The news of Gene Wilder’s death is sure to bring back myriad memories of the funny man for those who grew up in the 1970s and 1980s. For the millennials, on the other hand, looking at the countless Wilder obituaries the one question that would pop up in their minds would be — who is this strange-looking man pretending to be Johnny Depp by prancing around as Willy Wonka circa 1970? Today would be as good a day as any for the young and old alike to relive Gene Wilder, one of the few writer-actors who transformed American film comedy.
Best known for his trilogy, The Producers (1968), Blazing Saddles (1972) and Young Frankenstein (1974) with Mel Brooks (another trailblazer when it came to cinematic comedy), Gene Wilder was nothing less than a genius. Unlike other greats like Chaplin or Buster Keaton or Jerry Lewis, Wilder’s brilliance didn’t lie in his writing or his execution but in his capacity to understand comedy. Some of Wilder’s greatest works have been collaborations and in that too, Wilder knew that even a dash of something could transform the entire dish.
Every comedian relies on a limited number of tricks — like a quirky walk, a deadpan glance, a half-smile or a wry beam to get the viewer to look at them. Once the viewer is invested, the comic then displays the one thing that separates them from everyone else but in Wilder’s case, he truly didn’t need anything to get the viewer hooked on. Perhaps this is the reason why he recognised the importance of sharing the stage.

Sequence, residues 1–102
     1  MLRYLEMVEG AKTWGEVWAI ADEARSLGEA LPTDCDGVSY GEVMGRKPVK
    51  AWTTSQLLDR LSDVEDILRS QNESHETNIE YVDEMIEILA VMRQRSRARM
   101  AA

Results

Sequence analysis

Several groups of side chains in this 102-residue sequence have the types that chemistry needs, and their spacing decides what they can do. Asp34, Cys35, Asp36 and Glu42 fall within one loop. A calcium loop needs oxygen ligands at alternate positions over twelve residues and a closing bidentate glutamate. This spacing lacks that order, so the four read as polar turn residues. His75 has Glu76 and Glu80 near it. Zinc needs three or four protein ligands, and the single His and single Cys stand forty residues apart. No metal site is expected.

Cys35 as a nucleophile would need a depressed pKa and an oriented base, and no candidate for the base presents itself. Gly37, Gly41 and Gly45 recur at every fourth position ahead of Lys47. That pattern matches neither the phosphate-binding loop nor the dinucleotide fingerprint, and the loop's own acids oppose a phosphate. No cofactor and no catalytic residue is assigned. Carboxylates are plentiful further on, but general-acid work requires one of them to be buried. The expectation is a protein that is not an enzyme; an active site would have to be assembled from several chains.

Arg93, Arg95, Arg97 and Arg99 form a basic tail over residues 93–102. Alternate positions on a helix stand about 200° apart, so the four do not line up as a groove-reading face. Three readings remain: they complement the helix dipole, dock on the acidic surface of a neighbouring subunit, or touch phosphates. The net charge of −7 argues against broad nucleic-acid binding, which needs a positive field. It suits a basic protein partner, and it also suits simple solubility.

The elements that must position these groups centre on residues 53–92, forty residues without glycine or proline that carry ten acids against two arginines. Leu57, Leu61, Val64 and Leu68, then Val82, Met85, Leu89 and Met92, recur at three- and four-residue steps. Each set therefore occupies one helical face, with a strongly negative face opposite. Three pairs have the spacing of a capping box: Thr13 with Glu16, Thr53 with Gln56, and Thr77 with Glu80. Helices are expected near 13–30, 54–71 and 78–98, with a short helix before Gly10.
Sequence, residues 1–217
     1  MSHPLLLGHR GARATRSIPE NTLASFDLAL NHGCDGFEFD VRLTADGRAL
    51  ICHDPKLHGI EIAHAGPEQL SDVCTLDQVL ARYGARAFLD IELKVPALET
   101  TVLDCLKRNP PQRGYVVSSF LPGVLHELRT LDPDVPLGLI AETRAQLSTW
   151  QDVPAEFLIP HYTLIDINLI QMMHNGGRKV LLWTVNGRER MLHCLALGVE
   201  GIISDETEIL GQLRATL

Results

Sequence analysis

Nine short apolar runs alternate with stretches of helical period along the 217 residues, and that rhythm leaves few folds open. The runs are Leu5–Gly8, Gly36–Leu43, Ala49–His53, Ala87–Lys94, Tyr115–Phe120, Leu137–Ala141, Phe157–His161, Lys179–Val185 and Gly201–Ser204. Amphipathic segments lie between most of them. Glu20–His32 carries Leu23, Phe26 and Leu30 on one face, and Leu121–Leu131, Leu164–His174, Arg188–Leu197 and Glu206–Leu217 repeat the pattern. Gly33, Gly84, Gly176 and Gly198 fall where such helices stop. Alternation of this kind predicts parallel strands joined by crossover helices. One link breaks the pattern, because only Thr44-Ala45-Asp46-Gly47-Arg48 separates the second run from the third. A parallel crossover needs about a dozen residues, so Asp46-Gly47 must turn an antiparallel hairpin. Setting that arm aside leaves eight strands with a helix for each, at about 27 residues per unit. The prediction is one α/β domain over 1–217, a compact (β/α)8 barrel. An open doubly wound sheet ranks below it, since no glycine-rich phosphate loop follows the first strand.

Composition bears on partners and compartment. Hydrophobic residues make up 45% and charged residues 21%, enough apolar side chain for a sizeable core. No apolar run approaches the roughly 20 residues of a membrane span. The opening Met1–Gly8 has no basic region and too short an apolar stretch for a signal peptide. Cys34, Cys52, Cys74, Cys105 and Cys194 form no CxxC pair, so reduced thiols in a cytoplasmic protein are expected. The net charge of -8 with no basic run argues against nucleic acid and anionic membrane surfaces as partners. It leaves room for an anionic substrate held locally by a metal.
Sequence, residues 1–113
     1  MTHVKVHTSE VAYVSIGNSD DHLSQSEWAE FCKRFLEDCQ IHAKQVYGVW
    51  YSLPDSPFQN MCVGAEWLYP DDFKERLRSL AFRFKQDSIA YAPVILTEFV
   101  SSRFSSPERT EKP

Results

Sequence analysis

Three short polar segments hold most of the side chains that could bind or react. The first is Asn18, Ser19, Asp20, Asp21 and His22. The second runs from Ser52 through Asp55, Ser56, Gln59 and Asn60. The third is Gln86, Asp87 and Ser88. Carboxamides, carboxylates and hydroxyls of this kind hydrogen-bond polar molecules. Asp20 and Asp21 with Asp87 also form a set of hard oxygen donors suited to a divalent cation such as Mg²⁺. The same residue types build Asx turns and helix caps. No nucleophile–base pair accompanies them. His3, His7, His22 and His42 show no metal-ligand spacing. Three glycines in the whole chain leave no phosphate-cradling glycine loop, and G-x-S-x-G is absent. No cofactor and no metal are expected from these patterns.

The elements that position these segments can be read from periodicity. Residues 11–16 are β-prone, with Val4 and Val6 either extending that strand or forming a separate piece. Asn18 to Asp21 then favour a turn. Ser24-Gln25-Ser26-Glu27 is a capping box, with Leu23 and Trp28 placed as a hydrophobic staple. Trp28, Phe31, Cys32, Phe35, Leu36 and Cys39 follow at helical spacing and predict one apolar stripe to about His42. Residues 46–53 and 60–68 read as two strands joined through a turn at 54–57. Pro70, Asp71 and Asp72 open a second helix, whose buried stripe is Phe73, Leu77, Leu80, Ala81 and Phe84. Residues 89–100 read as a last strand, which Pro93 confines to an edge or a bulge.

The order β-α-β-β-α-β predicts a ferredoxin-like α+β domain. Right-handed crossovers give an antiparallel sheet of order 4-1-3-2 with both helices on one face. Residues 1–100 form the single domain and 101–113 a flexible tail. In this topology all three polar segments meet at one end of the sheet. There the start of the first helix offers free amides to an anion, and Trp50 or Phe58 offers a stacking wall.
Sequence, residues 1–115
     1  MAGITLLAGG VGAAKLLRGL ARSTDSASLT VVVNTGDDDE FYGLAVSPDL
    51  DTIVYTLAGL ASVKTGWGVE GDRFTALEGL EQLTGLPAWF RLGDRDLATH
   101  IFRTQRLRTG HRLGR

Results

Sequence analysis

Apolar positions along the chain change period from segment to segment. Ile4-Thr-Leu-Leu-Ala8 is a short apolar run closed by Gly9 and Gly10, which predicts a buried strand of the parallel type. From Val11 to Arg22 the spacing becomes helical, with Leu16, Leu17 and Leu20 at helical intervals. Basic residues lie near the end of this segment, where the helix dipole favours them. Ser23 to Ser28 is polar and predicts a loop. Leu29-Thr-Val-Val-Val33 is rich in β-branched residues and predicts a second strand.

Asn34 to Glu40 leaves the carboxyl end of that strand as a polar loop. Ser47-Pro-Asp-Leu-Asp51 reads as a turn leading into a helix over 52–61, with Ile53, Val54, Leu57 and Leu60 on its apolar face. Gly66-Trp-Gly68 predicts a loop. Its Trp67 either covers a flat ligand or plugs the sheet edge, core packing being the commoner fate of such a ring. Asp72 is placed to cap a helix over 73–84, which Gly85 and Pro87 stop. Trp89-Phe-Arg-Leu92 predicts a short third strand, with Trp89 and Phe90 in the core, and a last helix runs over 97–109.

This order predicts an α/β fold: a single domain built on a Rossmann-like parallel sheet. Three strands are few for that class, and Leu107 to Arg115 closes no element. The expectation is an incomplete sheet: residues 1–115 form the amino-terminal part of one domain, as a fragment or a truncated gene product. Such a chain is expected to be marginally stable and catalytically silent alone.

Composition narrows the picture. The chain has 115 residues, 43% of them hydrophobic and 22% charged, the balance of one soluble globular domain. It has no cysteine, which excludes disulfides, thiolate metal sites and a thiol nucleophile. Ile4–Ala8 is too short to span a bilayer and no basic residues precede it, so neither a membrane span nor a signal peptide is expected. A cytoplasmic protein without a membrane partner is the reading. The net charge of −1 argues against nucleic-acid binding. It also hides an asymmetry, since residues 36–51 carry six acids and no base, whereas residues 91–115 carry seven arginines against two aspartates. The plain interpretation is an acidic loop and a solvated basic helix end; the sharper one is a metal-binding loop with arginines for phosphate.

In Young Frankenstein, a film that he co-wrote with Brooks and directed as well, Wilder builds the iconic ‘Puttin’ on the Ritz’ dance where Wilder’s Frankenstein does all the hard work — dancing, singing, the grinning and what have you but right at the moment of the payoff he makes the Monster (Peter Boyle) mouth the nearly dim ‘Puttin’ on the Ritz’ line, which gets the most laughs. As a writer, Wilder knew that everyone was expecting him to sign off but letting Boyle deliver the punch line made it a masterstroke.
Wilder first came into the limelight with Mel Brooks’ The Producers but it was Willy Wonka and the Chocolate Factory (1972) that made him a well-known name. Unlike the 2005 Depp version, Wilder’s adaptation of the beloved Roald Dahl book kept the focus on the children. In fact, Wilder was even missing through the initial third of the film and even when he appears, he is the antagonist and not given any ‘hero’ like treatment even though the title of the film was changed to include his character’s name. Wilder then collaborated with Woody Allen on Everything You Always Wanted To Know About Sex... (1972) where he played an empathetic Chaplin-esque character of a doctor who gets attracted to a sheep. The one that followed rewrote many rules and became a touchstone of sorts where Wilder and his generation of funnymen changed American comedy.